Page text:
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Sunday, February 12, 2012


This morning I was reading Colossians. Lately I have been surprised and blessed by reading the context of passages instead of just reading a verse here and there. You really can't understand what one sentence is saying unless you read it in it's proper context. I read and re-read Colossians 2 several times today and am still surprised at how beautifully and consistently everything goes together in light of the covenants. Please, read the whole chapter, but I will be quoting specifically from just a few of the verses.

"My purpose is that they may be encouraged in heart and united in love, so that they may have the full riches of complete understanding, in order that they may know the mystery of God, namely, Christ, in whom are hidden all the treasures of wisdom and knowledge. I tell you this so that no one may deceive you by fine-sounding arguments." (verses 2-4)

"See to it that no one takes you captive through hollow and deceptive philosophy, which depends on human tradition and the basic principles of this world rather than on Christ." (verse 8)

It then goes on to talk about circumcision and showing that we are figuratively circumcised through Christ (the literal circumcision was pointing to that - it wasn't moral in and of itself, and it talks about baptism as well).

"When you were dead in your sins and in the uncircumcision of your sinful nature, God made you alive with Christ. He forgave us all our sins, having cancelled the written code, with its regulations, that was against us and that stood opposed to us; he took it away, nailing it to the cross." (verses 13-14)

"Therefore do not let anyone judge you by what you eat or drink, or with regard to a religious festival, a New Moon celebration or a Sabbath day. These are a shadow of the things that were to come; the reality, however, is found in Christ." (verses 16-17)

"Since you died with Christ to the basic principles of this world, why, as though you still belonged to it, do you submit to its rules: 'Do not handle! Do not taste! Do not touch!' These are all destined to perish with use, because they are based on human commands and teachings. Such regulations indeed have an appearance of wisdom, with their self-imposed worship, their false humility and their harsh treatment of the body, but they lack any value in restraining sensual indulgence." (verses 20-23)

I had so many thoughts when reading this. First of all, in Christ is all wisdom and knowledge, and we aren't to be deceived by fine-sounding arguments or deceptive philosophy based on basic principles of the world rather than on Christ. Then it talks about things that were shadows of what was to come (Christ). Among the things mentioned are circumcision, the food & drink laws of the old covenant, and the special days set up under the old covenant (yearly festivals, monthly New Moon, and weekly Sabbath). These things are all called SHADOWS. They played their part and were important at the time (they were given by God), but they weren't the real deal. Christ was.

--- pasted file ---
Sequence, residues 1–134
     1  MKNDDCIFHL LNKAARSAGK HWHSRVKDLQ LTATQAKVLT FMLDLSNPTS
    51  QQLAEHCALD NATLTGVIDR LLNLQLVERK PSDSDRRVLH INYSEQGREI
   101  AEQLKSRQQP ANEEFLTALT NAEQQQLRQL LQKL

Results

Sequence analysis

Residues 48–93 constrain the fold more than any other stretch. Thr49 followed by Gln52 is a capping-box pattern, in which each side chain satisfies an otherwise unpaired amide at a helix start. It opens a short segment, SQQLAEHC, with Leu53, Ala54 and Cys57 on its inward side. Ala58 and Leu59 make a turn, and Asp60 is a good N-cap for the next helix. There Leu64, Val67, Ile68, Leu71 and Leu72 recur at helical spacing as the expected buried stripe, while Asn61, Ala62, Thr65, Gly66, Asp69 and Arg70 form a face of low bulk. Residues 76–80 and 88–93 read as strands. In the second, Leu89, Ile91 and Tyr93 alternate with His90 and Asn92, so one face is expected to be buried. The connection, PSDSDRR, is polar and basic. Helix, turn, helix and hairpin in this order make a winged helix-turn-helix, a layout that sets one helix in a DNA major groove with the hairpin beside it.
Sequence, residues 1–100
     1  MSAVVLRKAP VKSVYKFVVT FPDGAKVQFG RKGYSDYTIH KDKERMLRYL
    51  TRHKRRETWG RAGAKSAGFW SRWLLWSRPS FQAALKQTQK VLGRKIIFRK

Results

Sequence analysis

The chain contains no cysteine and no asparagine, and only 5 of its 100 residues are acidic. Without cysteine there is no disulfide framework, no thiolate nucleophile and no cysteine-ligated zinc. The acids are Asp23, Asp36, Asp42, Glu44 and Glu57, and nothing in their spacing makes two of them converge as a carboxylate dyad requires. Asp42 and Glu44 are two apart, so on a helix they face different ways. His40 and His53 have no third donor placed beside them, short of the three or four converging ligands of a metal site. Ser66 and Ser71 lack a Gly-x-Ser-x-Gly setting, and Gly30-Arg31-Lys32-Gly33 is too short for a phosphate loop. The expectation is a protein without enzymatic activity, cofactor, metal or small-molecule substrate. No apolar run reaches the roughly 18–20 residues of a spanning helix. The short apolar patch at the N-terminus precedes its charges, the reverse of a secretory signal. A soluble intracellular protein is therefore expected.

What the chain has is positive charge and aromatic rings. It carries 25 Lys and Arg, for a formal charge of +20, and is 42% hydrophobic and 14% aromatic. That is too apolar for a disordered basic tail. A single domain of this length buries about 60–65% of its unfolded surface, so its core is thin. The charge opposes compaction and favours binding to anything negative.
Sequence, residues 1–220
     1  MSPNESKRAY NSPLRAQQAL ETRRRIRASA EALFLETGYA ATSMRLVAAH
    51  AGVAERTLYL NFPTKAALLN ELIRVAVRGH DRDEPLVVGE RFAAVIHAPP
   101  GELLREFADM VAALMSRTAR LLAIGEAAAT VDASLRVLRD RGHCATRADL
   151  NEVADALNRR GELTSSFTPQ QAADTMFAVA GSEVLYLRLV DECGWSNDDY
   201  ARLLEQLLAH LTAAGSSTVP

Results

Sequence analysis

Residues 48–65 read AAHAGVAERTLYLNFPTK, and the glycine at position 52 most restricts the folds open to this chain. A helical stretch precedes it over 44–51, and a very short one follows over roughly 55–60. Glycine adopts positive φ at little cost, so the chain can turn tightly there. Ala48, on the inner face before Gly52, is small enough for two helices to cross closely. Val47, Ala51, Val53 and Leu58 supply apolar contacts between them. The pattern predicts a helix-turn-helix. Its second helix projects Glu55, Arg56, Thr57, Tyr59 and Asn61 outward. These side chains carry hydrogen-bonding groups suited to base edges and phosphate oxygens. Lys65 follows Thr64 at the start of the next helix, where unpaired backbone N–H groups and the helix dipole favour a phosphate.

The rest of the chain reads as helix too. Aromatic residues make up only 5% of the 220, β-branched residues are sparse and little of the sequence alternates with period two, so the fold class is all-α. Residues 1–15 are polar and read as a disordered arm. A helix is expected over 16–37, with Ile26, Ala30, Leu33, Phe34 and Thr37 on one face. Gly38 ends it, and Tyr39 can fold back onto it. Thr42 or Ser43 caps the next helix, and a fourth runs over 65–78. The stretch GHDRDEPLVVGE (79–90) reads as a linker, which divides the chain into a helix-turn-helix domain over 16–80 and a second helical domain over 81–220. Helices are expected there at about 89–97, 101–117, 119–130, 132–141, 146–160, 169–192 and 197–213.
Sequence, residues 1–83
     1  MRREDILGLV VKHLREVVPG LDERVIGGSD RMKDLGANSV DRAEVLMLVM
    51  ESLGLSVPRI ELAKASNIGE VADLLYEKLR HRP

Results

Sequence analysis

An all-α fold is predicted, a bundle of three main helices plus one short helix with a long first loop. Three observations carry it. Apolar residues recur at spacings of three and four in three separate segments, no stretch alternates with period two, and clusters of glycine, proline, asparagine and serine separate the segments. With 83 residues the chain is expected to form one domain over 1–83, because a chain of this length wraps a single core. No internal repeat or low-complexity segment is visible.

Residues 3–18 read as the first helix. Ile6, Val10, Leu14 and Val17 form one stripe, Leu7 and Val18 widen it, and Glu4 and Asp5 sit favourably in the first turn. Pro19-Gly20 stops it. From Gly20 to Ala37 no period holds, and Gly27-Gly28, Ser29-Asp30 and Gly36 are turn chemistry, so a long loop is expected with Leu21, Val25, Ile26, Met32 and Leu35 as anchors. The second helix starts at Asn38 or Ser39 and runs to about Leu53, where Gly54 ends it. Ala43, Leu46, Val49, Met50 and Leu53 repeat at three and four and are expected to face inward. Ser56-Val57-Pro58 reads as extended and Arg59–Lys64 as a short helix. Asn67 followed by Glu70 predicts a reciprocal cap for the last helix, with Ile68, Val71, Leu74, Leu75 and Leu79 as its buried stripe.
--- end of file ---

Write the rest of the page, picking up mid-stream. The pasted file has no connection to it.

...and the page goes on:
Most Sabbatarians when they read this (I used to be the same way) start with the assumption - "This passage cannot be saying what it seems to be saying about the Sabbath, so it must mean something else." Then based on that belief, they try to find a way to make it fit. Remember, I am dealing with facts here, not trying to focus on people (and I used to believe the same way, so I am able to say "I was wrong" when proven that was the case), so please don't take this personally.

From that key thought (It can't be saying what it appears to be saying...), this verse is handled in a number of ways. Some people say that the word for "Sabbath" here is plural, so it cannot be talking about the weekly Sabbath but must be talking about the other festival Sabbaths. The problem with that is those are already covered by the first part ("religious festival") and this would be repetitive. Throughout scripture, we are presented this pattern (yearly, monthly, weekly) which include the weekly Sabbath (reference 1 Chron. 23:31, 2 Chron. 2:4, Neh. 10:33, Hos. 2:11, Ezek. 45:17). Not only that, but the word for Sabbath (sabbaton) occurs 68 times in the NT. The other 67 times are clearly referring to the weekly Sabbath, so why would this be any different?

Another way of handling it is by focusing on the "judge" part. They reason that we aren't supposed to judge other people based on these things and that it isn't telling us one way or another if they are still applicable. But that doesn't make sense in light of the next verse - they are a shadow not the reality. That seems pretty clear.

So if this passage is really saying what it appears to be saying (this isn't the only passage that deals with this, by the way, just the one I happened to read this morning), then the Sabbath (weekly) was indeed a shadow of Christ, what does that mean? Well, the Israelites were told to rest of the Sabbath. Jesus tells us not to rest on a day but in HIM. Matt 11:28-29 "Come to me, all you who are weary and burdened, and I will give you rest. Take my yoke upon you and learn from me, for I am gentle and humble in heart, and you will find rest for your souls." Also note Hebrews 4 - the Israelites who had the weekly Sabbath rest still didn't enter into God's rest. And yet we are called TODAY (not on the 7th day of the week) to enter into His rest through Jesus. The Sabbath (and the other things listed) was simply a shadow - Jesus is the reality.

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